BuzzFeed: I was looking at the first song, "91," and already it's Zadie Smith co-writing, St. Vincent co-producing, and Warren Ellis on violin (from Nick Cave and the Bad Seeds and Dirty Three).

    Jack: It was like a cast of heroes, taking me in and pushing me into the album.

    BF: I noticed Lana Del Rey's voice coming in on "Secret Life" — I know you collaborated on her album, do you just reach out and say, "Hey, want to contribute on the next Bleachers album?"

    Jack: Those things are usually pretty organic. You're with someone, you may work on some other stuff, and there's that funny feeling in the room where you give someone permission to have an opinion on it [laughs]. That unspoken, "Hey, I could do this or that" — from either side. They're always random and organic. It's funny, because I think people know me for a lot of collaborations that happen — but when it comes to my work, I feel really insular, even if I'm with someone else. Very little crossover in these spaces, so when it does happen, it feels thrilling and irregular.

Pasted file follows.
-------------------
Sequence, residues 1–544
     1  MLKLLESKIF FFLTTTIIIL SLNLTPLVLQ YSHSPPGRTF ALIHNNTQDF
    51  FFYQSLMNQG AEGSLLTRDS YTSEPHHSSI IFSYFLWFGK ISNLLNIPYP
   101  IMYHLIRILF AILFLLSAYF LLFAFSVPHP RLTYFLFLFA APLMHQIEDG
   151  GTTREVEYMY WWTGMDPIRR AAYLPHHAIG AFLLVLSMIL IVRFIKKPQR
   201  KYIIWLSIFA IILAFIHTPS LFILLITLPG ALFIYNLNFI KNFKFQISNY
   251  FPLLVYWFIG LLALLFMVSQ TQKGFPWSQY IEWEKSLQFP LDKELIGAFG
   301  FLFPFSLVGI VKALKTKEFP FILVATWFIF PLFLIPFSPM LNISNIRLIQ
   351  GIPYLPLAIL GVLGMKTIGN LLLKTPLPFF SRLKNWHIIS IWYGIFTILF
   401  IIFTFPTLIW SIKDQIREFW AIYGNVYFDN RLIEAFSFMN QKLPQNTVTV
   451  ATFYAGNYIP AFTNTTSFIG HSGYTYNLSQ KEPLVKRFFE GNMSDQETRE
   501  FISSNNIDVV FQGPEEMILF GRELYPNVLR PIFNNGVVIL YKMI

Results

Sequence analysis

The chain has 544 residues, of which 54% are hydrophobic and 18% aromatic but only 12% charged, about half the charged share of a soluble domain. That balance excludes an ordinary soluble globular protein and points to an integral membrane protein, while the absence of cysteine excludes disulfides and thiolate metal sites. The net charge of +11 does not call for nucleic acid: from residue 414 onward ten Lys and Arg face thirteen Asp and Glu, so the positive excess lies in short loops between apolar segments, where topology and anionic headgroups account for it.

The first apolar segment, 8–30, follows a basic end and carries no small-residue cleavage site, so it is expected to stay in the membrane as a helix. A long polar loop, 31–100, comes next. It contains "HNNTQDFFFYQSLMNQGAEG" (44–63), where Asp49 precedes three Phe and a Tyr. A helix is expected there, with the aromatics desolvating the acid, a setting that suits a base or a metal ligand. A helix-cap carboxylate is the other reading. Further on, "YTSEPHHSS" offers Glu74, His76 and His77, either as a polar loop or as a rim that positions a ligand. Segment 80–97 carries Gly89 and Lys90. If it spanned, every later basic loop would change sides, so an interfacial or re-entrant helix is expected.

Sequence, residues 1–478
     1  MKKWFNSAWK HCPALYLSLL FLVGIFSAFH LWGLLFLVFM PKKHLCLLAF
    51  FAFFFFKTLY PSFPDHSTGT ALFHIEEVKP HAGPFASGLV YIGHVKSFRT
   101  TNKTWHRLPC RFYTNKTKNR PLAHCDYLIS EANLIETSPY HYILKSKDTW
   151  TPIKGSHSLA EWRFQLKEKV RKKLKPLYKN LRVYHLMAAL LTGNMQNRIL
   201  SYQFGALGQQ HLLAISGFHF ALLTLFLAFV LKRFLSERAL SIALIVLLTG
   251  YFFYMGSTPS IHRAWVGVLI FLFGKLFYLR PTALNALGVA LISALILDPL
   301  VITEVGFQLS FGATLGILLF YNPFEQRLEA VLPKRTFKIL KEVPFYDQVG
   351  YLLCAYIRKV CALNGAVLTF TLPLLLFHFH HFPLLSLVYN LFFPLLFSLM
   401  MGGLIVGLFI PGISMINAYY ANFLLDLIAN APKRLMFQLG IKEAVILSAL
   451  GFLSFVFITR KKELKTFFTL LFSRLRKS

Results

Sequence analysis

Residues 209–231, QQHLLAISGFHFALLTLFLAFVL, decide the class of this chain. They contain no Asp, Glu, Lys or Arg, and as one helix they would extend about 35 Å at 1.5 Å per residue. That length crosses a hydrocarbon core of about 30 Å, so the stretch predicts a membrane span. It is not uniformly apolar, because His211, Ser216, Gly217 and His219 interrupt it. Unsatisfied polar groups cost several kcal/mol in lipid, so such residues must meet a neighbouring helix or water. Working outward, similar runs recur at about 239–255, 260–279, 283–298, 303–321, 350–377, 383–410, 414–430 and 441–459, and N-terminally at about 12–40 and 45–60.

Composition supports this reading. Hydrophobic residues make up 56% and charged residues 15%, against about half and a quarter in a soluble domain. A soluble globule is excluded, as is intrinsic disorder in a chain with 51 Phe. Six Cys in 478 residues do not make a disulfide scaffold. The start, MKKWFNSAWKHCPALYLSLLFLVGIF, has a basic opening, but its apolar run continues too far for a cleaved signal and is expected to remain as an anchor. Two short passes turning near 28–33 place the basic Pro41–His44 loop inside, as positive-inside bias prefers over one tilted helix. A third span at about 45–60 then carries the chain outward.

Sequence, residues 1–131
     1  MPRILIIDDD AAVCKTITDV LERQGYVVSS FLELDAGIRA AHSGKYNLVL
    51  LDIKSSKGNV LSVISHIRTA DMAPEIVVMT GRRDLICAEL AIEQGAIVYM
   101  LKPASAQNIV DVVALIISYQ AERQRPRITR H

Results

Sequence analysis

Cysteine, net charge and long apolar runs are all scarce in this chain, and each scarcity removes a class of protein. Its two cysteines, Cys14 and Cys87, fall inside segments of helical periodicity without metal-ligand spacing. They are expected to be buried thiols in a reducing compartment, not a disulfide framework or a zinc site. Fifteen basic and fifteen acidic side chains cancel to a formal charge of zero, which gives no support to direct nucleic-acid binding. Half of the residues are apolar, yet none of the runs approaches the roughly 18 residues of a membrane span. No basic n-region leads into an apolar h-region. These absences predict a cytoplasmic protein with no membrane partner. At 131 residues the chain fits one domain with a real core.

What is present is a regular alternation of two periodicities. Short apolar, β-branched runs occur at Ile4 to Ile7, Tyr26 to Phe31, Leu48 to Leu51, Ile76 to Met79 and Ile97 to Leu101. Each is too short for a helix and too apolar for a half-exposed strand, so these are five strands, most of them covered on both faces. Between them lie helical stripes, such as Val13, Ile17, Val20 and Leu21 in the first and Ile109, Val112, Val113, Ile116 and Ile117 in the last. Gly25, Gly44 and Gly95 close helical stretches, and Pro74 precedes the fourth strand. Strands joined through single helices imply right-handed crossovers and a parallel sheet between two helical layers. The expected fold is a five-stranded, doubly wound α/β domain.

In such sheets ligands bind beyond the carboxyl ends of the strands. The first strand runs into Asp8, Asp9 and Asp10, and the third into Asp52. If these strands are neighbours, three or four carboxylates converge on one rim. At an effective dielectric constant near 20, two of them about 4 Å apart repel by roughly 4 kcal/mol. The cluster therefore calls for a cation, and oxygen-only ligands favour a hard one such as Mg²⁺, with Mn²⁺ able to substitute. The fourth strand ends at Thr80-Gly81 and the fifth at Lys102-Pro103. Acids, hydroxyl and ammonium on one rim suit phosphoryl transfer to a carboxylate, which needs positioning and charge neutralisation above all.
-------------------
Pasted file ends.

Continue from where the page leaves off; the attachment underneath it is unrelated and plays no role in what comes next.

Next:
Taylor Hill / Getty Images for The Ally Coalition

    How did the pandemic, if at all, shape the songwriting and recording process of the album?

    It didn't fuck with my songwriting at all, because that happens in this room in a pretty closed-off space — but the recording of the Bleachers album was going to be so much darker. There's all these different contexts in which you say something. If I was like, "I want to die!" versus "I want to die?" — you can say the same thing in so many different ways, and that's how I think about production.

    Because of the pandemic, we couldn't go play. There was so much tension, rage, and joy in getting a band in the room playing with this new sense of purpose. It's that last 20 miles after the car already hits empty, where you find this reserve — we were playing from there. Major hope became a huge character in the album that never would have come through without the pandemic.

    How does your approach to writing Bleachers songs differ from your approach to working on your many other projects?

    Well, the other things I do are collaborative, so it's a very different space for me. If I'm working on Bleachers, I'm combing through my own stories and I'm making sense of them. I'm writing my story, but, when I collaborate, I'm helping someone else push their story along. They're almost opposites, even though my body does the same thing.

    BuzzFeed: You do tend to write from a very autobiographical place.

    Jack: I tend to, even if I get pretty ethereal within that. The songs are pretty grounded in almost a documentary-style fact.

    Can you walk me through the album name Take the Sadness Out of Saturday Night? Is there something about that lyric that particularly resonates with you?